Cows are ruminant animals, meaning they have one stomach with four compartments, and are capable of breaking down plant matter (which humans cannot). They were created to eat grass and do not tend to thrive when fed anything else. It is also important that cows are raised naturally: without hormone implants, antibiotics, or other not-found-in-the-wild substances. These substances may carry over into the human food supply and cause unexpected, and undesired, effects.

Conventional cattle animals consume half the antibiotics produced in the US

When cows primarily eat grains for long periods of time, they can develop acidosis in their stomachs, which causes the walls to become ulcerated. These damaged walls allow bacteria to migrate into the body cavity where they cause abscesses. Meat processors like to get as much return on the animals they process as possible. According to Mercola.com, however, because of the health problems associated with cows eating excessive amounts of grains, as much as 13 percent of conventional animals’ livers must be discarded. They are so abscessed that they aren’t fit for human consumption. If antibiotics weren’t given, this number would increase to about 75%. Of all the antibiotics and baking soda produced in the US, half is fed to cows in order to counter the problems created when they are fed grain.1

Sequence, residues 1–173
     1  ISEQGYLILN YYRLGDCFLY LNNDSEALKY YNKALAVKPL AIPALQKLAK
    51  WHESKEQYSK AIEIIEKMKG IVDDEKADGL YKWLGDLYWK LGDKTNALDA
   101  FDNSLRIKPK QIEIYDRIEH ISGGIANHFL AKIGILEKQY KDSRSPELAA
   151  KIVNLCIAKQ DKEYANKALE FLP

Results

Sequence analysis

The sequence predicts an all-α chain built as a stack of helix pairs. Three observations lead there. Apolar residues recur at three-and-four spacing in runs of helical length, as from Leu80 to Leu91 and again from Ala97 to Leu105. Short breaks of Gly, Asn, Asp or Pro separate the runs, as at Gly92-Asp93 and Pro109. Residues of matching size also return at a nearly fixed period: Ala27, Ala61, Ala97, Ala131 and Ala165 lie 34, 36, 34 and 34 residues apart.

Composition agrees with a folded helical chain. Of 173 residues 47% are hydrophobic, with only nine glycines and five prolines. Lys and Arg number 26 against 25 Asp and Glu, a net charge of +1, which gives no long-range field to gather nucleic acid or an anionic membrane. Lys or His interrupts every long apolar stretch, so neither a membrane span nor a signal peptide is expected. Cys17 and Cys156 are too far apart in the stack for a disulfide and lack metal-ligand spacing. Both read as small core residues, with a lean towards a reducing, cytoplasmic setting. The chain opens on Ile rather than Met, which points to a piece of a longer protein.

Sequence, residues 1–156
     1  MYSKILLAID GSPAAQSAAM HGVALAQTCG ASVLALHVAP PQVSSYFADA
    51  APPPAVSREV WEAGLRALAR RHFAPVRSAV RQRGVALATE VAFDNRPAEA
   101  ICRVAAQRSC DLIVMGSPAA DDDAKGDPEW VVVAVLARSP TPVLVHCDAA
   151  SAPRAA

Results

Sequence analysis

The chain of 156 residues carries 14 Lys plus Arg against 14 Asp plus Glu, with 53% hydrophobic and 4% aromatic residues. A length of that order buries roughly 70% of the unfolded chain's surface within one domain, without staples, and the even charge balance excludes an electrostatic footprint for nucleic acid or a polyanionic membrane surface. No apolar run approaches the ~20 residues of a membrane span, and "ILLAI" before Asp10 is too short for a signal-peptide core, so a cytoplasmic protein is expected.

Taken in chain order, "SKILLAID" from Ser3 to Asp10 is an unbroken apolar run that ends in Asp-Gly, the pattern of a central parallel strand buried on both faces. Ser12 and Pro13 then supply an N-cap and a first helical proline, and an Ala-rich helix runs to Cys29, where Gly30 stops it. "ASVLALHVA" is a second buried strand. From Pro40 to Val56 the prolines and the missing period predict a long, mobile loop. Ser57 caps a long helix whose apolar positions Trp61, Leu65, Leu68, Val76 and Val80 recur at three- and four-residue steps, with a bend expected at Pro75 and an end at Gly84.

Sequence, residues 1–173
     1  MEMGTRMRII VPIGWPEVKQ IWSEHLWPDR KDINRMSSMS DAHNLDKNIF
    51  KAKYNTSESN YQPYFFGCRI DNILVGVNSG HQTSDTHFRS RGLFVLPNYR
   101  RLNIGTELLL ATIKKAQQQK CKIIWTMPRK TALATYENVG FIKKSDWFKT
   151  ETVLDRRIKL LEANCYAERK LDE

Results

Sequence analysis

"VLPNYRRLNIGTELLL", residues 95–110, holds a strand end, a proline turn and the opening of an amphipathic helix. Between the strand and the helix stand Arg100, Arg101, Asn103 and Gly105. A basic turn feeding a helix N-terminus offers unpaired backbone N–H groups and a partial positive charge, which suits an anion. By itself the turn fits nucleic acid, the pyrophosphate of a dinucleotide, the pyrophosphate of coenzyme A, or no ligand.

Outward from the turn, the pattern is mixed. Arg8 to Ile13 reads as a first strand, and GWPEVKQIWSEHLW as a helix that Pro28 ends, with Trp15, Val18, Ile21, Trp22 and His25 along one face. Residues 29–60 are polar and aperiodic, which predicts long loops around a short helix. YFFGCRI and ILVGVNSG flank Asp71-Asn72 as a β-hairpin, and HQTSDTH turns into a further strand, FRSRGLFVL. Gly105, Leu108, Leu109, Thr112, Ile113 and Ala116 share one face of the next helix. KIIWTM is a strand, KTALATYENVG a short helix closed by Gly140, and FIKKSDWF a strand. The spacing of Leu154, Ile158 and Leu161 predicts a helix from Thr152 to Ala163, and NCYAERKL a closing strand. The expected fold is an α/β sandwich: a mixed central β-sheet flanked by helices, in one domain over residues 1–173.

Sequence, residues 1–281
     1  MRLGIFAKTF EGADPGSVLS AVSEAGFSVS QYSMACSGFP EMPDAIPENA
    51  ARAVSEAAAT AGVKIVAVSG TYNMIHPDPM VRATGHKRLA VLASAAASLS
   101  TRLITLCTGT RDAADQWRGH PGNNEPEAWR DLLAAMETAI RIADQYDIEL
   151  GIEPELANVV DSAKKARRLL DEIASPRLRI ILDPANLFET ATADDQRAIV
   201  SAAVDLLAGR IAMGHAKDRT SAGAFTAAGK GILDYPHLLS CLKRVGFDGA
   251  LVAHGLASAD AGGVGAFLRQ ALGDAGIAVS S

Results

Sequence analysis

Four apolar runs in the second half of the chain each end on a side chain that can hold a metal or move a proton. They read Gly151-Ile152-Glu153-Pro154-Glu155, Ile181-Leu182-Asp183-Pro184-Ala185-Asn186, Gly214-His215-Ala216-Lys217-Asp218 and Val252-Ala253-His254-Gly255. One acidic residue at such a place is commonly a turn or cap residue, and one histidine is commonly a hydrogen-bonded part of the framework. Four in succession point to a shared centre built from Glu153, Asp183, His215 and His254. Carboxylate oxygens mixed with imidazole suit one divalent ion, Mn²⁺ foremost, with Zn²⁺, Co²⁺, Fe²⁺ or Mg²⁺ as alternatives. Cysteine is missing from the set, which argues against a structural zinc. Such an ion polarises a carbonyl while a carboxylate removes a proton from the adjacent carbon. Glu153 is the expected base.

Conventional beef creates greater risk of food-borne illness

Another potential issue with heavy grain feeding is the increased risk of bad bacteria. Women’s Health Magazine cites the Journal of Dairy Science’s theory that grain “creates an environment in [cow's] stomachs that’s more hospitable to [E. Coli], adding to the likelihood that the meat of a grain-fed animal will be contaminated with E. Coli during processing.”2

Feeding corn to cows increases pressure on the environment

For those who are environmentally conscious, as Women’s Health Magazine points out, switching to grass-fed can reduce the production of greenhouse gases, both produced by the cows themselves, and produced during the cultivation of corn. Corn requires a number of energy inputs, from chemical fertilizers to fuel for harvesting. Growing grass to feed cows, however, primarily requires energy from the sun, which is a totally renewable resource.

Studies show that grass-fed is higher in nutrients